Why does everyone has to cry in the olympics?
Morro da Formiga, na maquete do Projeto Morrinho.
O Morrinho é uma maquete de pequena escala que mede 350 metros quadrados, construída dentro da favela Pereira da Silva do Rio de Janeiro. É feita de tijolos e outros materiais reciclados. Tudo começou como uma simples brincadeira de criança em 1997 por jovens do local que queriam escapar da realidade de violência e corrupção que impregnava eles e a sua comunidade. Dentro deste pequeno mundo urbano do Morrinho, eles brincavam de atuar com vários bonecos de blocos LEGO que moram na maquete, revivendo a vida diária das favelas do Rio de Janeiro.
Analogía I, 1970 / 1971
“…and that the artist is perhaps the least intellectual of all intellectuals.
Why then does the artist feel the need to justify himself as a “worker,” as an “intellectual,” as a “professional,” as a disciplined and organized man, like any other individual who performs a productive task? Why does he feel the need to exaggerate the importance of his activity? Why does he feel the need to have critics (mediators) to justify him, to defend him, to interpret him? Why does he speak proudly of “my critics”? Why does he find it necessary to make transcendental declarations, as if he were the true interpreter of society and of mankind? Why does he pretend to consider himself critic and conscience of society when (although these objectives can be implicit or even explicit in certain circumstances) in a truly revolutionary society all of us — that is to say, the people as a whole — should exercise those functions? And why, on the other hand, does the artist see himself forced to limit these objectives, these attitudes, these characteristics? Why does he at the same time set up these limitations as necessary to prevent his work from being transformed into a tract or a sociological essay? What is behind such pharisee-ism? Why protect oneself and seek recognition as a (revolutionary, it must be understood) political and scientific worker, yet not be prepared to run the same risks.”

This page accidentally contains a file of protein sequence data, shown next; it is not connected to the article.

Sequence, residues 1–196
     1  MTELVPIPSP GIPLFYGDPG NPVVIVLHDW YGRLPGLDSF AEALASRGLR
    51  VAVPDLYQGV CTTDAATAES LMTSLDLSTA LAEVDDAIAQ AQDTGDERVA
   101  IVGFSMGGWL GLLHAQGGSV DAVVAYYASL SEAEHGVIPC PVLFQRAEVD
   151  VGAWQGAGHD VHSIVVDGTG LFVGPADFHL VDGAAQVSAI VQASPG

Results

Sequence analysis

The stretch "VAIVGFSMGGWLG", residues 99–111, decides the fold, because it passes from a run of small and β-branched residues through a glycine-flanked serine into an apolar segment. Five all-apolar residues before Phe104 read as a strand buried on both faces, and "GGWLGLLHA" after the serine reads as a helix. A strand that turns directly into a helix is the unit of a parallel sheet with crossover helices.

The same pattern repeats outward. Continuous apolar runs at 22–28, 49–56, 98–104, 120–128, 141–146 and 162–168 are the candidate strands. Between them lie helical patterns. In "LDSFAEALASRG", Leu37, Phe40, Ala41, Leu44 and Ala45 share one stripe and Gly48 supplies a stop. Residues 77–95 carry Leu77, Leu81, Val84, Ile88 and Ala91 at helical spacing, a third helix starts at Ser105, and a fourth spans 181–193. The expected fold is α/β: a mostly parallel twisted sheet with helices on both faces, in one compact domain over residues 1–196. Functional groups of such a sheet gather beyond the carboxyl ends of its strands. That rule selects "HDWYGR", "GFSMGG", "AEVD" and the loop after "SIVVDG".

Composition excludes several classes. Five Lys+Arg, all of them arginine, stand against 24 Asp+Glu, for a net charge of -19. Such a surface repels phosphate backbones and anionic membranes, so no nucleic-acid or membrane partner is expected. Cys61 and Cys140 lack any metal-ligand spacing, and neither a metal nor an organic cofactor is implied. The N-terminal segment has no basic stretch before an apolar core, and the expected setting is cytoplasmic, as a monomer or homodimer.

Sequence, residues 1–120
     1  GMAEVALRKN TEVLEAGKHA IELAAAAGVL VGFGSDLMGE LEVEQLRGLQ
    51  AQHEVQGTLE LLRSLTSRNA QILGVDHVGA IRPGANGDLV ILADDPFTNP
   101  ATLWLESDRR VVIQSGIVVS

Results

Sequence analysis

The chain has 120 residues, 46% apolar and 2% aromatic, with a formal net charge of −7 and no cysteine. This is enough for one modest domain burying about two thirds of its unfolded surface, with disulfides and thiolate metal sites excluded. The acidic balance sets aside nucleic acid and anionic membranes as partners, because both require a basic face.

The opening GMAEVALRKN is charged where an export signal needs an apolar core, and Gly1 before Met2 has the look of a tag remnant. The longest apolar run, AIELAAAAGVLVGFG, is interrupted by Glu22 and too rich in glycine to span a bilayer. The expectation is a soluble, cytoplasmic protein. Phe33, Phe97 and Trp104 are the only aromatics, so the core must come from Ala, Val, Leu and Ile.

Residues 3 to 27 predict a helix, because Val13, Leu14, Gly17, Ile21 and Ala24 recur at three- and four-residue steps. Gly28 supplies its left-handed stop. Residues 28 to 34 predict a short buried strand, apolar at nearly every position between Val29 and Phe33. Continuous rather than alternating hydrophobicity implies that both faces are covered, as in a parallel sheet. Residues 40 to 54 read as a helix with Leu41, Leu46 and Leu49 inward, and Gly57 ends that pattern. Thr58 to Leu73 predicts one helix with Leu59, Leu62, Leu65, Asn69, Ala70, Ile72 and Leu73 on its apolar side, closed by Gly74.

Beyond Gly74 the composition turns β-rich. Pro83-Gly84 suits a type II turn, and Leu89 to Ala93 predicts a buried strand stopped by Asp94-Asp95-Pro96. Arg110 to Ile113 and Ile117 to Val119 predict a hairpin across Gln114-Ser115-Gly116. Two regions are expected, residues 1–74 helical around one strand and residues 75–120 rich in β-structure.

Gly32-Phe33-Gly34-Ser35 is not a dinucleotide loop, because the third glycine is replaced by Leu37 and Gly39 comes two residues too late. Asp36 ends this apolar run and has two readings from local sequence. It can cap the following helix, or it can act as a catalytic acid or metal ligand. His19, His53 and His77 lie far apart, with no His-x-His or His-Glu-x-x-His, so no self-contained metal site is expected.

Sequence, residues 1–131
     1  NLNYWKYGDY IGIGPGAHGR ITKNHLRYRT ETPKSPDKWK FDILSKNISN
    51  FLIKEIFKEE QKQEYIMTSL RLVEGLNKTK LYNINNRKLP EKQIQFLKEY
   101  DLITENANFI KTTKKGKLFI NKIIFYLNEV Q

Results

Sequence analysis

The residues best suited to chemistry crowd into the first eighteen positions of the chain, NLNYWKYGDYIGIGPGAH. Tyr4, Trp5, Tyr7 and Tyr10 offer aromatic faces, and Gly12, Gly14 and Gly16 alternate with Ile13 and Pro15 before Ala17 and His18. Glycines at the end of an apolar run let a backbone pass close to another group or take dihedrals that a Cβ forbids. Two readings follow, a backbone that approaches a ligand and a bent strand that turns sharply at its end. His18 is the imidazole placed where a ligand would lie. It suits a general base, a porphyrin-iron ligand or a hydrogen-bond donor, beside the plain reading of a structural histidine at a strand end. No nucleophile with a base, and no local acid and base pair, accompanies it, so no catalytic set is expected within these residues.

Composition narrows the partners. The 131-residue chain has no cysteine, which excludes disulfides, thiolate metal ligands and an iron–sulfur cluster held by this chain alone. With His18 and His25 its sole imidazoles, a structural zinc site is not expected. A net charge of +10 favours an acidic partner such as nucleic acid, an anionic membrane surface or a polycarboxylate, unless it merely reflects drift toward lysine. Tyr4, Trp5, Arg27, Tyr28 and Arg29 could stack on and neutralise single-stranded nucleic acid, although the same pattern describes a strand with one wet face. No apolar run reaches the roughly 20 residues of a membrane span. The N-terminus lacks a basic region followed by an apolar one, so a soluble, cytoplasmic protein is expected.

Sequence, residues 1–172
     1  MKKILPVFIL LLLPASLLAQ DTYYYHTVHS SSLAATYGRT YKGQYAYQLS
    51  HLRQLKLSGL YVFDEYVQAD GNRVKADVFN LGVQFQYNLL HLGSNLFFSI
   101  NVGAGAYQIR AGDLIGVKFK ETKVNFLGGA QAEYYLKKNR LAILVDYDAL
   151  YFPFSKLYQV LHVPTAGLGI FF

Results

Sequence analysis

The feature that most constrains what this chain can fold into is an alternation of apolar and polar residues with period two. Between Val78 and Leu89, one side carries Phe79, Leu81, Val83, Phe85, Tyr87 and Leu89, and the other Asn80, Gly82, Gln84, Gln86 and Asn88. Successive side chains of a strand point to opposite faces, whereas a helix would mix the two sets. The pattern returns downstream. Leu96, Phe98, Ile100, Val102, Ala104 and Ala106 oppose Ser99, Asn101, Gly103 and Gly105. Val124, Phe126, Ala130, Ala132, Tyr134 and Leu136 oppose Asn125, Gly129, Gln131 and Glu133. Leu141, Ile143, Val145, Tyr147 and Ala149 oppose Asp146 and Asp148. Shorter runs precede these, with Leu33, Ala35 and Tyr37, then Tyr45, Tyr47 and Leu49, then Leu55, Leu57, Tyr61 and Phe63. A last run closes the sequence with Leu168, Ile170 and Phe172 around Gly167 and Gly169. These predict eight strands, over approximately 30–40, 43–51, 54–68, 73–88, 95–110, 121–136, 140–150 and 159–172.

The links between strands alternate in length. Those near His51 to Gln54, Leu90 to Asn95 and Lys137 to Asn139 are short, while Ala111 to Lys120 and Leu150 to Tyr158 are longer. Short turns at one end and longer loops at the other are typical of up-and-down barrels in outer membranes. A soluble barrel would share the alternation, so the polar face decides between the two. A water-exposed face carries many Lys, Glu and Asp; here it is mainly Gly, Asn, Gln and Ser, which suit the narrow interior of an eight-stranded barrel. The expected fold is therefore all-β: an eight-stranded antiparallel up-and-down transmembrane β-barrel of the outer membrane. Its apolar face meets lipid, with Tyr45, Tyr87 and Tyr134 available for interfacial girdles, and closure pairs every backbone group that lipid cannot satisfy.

from For an imperfect cinema
by: Julio García Espinosa
In Harry Potter the Imperio Curse is one of the three Unforgivable Curses. When cast successfully, it places the victim completely under the control of the colonial economy, making it pick cotton and work in the fields for minimum payment.
Nas quebradas (Penetrable), 1979
Collage, wood, brick and gravel